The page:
https://www.retrospectivescooters.com/for-sale/project-e-electric-vespa-conversion

    Like 1
  3. William Cockayne Member

    Didn`t The Who feature one of these on an album cover? Quadrophenia?

    Like 2
  4. KEVIN L HARPER

    Cool little scooter, these work great in Italy where the streets get so narrow that you have to fold the mirrors in on an original fiat 500 to keep from scrapping.
    In the states they are like trying to drive a pony car on the same streets, interesting novelty but they don’t work.
    Only 2 places in the states that they do reasonably well is a college campus and as a pit bike for the track.

    Like 1
    • Nevadahalfrack Nevadahalfrack Member

      Good analogy, Kevin, and very true!

  5. Gary D. Oliver

    These sold as Sears Allstate scooters back in the 50s. In Michigan a 14 year old could get a drivers license to ride one. The kids in my neighborhood mostly rode Cushman Eagles but a few rode these under powered scooters. The Cushman Eagle would hit 60mph where these were way behind us. I remember the guys with these scooters carrying a quart of oil in their fender to add to the gas. Bummer!

    Around 1960, Michigan rescinded the law allowing 14 year olds to get a motor scooter license after we were killing ourselves on them. The sales of these and Cushman Eagles plummeted. Thank God I’m still alive at 76.

    Like 5
  6. James A. Mogey

    Fun. That’s what you’re missing. Had one of these in school in Nashville in the early 60’s. You might not think so, but you can do wheelies even on these. I can vividly remember tooling along at 50 on soft, warm southern nights, feeling on top of the world.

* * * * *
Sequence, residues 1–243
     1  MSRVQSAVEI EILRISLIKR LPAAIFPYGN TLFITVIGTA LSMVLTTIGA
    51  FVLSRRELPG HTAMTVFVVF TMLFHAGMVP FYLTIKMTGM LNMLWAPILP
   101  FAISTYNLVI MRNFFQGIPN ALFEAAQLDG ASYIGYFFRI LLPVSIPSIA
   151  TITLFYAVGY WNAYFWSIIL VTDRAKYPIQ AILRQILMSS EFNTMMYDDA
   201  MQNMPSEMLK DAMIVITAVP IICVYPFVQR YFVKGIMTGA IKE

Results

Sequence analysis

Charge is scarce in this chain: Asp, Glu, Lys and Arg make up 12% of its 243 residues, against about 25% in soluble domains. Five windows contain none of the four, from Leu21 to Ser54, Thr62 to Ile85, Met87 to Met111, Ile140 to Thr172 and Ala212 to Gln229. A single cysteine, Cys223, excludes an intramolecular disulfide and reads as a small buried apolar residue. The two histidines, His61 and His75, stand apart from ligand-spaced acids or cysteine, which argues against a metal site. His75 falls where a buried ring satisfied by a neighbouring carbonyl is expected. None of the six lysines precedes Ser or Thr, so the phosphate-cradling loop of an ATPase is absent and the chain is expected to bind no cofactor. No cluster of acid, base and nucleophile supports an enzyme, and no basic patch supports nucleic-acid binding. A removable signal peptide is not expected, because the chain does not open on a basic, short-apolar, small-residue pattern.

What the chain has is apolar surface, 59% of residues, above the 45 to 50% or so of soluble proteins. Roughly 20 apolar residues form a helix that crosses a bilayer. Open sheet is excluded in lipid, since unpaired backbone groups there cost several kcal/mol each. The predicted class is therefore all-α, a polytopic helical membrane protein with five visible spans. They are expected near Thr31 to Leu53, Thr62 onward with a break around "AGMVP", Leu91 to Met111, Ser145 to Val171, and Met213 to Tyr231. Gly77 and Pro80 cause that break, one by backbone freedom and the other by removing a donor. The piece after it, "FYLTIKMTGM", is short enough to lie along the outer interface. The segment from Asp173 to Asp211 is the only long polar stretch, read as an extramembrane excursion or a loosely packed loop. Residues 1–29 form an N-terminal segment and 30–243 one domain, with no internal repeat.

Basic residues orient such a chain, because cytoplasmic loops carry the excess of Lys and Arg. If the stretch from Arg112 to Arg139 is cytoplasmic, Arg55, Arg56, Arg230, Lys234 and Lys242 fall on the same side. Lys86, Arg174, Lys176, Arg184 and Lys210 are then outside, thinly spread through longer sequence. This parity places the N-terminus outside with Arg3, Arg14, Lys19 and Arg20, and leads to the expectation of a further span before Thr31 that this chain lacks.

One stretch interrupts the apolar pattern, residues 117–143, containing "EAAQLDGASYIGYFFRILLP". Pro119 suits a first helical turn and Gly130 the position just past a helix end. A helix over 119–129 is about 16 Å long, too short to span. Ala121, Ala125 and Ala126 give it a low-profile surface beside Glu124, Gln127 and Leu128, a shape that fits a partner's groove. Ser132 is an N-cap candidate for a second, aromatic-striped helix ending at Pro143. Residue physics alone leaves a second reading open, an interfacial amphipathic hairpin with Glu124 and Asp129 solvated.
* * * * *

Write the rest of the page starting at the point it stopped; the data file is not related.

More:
Like 6
  7. Troy s

    Fast forward (?) to the early eighties and all the punk rock/new wave weirdos in my high school were riding either these or mopeds covered in stickers. From then on that impression stayed with me. Came here to check it out and yes, that impression remains….

    Like 2
  8. Karl

    Simply put: Vespas are wonderful!

    Like 2
  9. Coventrycat

    Vespas are great. Real men don’t have to worry about how “cool” they look on something.

    Like 6
    • Stevieg Member

      Very true! No matter how cool my Harley is, I am still a fat guy that thinks like a nerd lol. My bike is, for the record, way cooler than me lol. Whatever!

      Like 6
  10. chrlsful

    “…Have any of you owned a Vespa scooter?…”
    1 of my 1st projects for hire wuz da teach’s vespa 125, so I’d say this IS “super’. Piston frozen I set it on its back wheel, piston pointing straight up & kept soakin it dwn w/kero/ATF. Brought it back in 2 wks. No knowledge in going further (I wuz 12 y/o) but the head finally came off’n cleaned it up/back together.

    Don’t like the yellow but might keep it as a sorta protection in the traffic. It sticks out some (hate yellow cars/trucks). Might put the tallest ‘pizza cutters’ on it I could find. Wonder bout beefin up breaks, addin a lill pep, and prts as I don’t need much on no rain days for a DD of 3 mi (1 way) or so…

  11. benjy58

    Fun to ride until you hit a pothole or rut then you are doing a swan dive over the handlebars. That small front wheel would grab a rut and yank the handlebars out of your hands faster than a purse thief.

    Like 1
    • Karl

      Pro Tip: Watch where you’re going!!! 🐵

      Like 6
    • Jeff

      My first motorcycle was an Allstate scooter. It was on it that I had my first motorcycle wreck, just as you described! I really enjoyed that scooter.

      • Gary D. Oliver

        I read the comment from benjy58 yesterday and thought about replying but didn’t. Now I see your comment Jeff and I must tell you I also had a Pacemaker scooter which was sold by Cushman but also Allstate. I hit a asphalt dip in the road and it was my first and only ride in an ambulance in 1958. I went over the handlebars like benjy58 described and skinned up my face and pride. Scratched up the scooter on the side of the “box” and bent the front metal faring. One more reason for Michigan to outlaw 14 year olds having a license to ride these dangerous machines. I continued riding my Cushman Eagle back then but never rode that Pacemaker again.

  12. vespaholic

    Vespas are a ton of fun.
    Comparing them to a motorcycle is idiocy.
    Totally different rides.
    I own both.
    Be weary of 1974’s.
    The electrics on that year are sketchy.

    Like 3